Project Project
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Islamophobia in Western Europe and North America

Research Fields
Migration, Integration, and Intercultural Conflicts
Project Management
Prof. Dietlind Stolle (McGill University)
Allison Harell (Queen's University)

Theoretical background and objectives

In the light of growing migration from countries with a Muslim cultural background as well as increasing Islamic fundamentalism related to terrorist attacks in Western Europe and the US a new research field has emerged that investigates the way states and ordinary citizens react to these new phenomena. However, we know surprisingly little about the attitudes of ordinary citizens towards Islam and Muslim migrants. Islamophobia has only recently started to be addressed by social scientists. We therefore know relatively little about the extent of Islamo­phobic attitudes in Western Europe and North America and what Islamophobia exactly is.

These questions are studied in three partly related smaller projects that investigate individual countries, on the one hand, and a large range of different countries on the other hand. In a first part, Islamophobia in Switzerland has been studied. More particularly the aim of this project was to take a closer look at Islamophobia and to investigate whether it really is a new social phenomenon or simply a new name for xenophobia. To undertake such an investigation we provided and tested theoretical considerations why Islamophobia could be different from xenophobia. While xenophobia is defined as a general hostility towards foreigners, it might be argued that Islamophobia stands for hostility towards specific aspects of foreignness. We tested whether people with a specific understanding of citizenship, religious persons and post-materialists behave differently towards Muslims than towards immigrants in general.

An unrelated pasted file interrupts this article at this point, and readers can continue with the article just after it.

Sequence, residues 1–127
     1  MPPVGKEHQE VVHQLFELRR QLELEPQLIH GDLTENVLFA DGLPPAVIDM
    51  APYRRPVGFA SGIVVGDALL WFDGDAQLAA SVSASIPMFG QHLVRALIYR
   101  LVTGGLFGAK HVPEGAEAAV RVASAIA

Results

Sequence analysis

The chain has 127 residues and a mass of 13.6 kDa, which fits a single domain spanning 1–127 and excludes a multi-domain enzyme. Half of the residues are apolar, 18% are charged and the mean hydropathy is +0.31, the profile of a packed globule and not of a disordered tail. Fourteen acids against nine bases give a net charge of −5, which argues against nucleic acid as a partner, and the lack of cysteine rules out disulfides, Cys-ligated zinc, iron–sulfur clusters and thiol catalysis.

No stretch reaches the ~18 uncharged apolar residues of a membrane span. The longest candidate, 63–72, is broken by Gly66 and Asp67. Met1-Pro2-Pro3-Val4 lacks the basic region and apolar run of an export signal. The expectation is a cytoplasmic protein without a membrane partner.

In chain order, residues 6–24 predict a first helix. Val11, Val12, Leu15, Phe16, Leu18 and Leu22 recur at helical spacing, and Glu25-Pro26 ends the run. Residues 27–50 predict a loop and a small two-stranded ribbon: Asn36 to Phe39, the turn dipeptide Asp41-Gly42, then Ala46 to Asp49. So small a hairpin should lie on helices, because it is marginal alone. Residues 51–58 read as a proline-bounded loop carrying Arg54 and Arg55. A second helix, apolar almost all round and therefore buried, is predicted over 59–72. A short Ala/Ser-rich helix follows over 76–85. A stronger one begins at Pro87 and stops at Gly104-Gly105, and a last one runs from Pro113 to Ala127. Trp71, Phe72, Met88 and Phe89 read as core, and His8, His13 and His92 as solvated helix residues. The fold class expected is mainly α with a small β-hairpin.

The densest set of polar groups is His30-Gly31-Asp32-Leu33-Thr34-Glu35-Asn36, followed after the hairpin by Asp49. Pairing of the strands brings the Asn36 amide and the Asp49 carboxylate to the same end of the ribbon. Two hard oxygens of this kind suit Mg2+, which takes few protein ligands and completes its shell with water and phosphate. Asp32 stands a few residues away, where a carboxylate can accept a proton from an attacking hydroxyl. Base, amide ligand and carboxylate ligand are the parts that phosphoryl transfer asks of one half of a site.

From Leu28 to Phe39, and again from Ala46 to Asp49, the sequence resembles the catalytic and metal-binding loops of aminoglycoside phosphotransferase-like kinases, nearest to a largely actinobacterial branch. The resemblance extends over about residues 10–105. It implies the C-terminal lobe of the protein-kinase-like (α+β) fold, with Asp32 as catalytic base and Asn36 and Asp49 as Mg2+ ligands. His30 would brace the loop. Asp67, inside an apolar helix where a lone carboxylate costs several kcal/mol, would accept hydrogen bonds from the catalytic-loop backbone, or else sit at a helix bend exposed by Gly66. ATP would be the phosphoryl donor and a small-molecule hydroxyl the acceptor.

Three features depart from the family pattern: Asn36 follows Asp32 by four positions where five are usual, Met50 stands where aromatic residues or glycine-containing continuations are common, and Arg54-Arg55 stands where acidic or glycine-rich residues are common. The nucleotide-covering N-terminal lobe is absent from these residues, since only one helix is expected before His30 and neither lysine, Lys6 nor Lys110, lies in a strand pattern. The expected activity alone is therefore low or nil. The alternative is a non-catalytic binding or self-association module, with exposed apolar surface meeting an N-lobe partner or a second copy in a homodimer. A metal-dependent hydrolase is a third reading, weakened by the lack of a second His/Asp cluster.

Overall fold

In a second part, attitudes of young people in Canada towards Muslims and their cultural practices are investigated. We are mainly interested in the three following questions: First, we ask whether peoples' attitudes towards Muslims are the same as attitudes towards other outgroups. In other words, is prejudice blind in the sense that it does not reflect a dislike of a particular minority but of minorities in general? We will analyse whether or not the same people show hostile attitudes towards Muslims and other groups and whether or not attitudes towards different groups can be explained by the same factors. Second, we ask whether it might be that Islamophobia is a socially better accepted way to express xenophobia. Might it be that mainly better educated people express hostile attitudes towards Muslims but not towards foreigners in general? Third, we want to know whether people make a difference between Muslims as a group and their practices. Might it be that people accept them as a group of foreigners (because they are tolerant and not prejudiced), but reject their illiberal practices (how they treat their women for example)?

The third part of the project consists of a publication-project that invites leading researchers from various countries in Western Europe and North America to focus on survey data to investigate the following research questions: What is Islamophobia? How can we explain Islamophobia? How is Islamophobia related to similar phenomena such as xenophobia and anti-Semitism. How has Islamophobia evolved over time? What have been the effects of 9/11? Which country differences do we observe, and how can regional or country-specific experiences with Muslim migration shape individual attitudes towards this group of migrants? What are the reactions towards Muslims of young in contrast to older adults?


Overall, the results did not confirm my arguments, which suggests that Islamophobia is the same as xenophobia. People with a specific understanding of citizenship, religious people and post-materialists do not have different attitudes towards Muslims and foreigners in general.
This might be rather surprising in the light of my descriptive analyses that have shown that between 1996 and 2007 hostile attitudes against foreigners have clearly decreased while Islamophobia has increased. Moreover, it appeared that in both years 1996 and 2007 much more people did not like to have Muslims as neighbours than immigrants.

  • Helbling, Marc (2010): "Islamophobia in Switzerland. A New Phenomenon or a New Name for Xenophobia". In: Simon Hug/Hanspeter Kriesi (Eds.): Value Change in Switzerland. Lanham, MD: Lexington Press, S. 65-80.
  • Helbling, Marc (Eds.) (2012): Islamophobia in the West. Measuring and Explaining Individual Attitudes. London/New York NY: Routledge, XIII, 222 S..
  • Helbling, Marc (2012): "Islamophobia in the West: An Introduction". In: Marc Helbling (Ed.): Islamophobia in the West. Measuring and Explaining Individual Attitudes. London/New York, NY: Routledge, S. 1-18.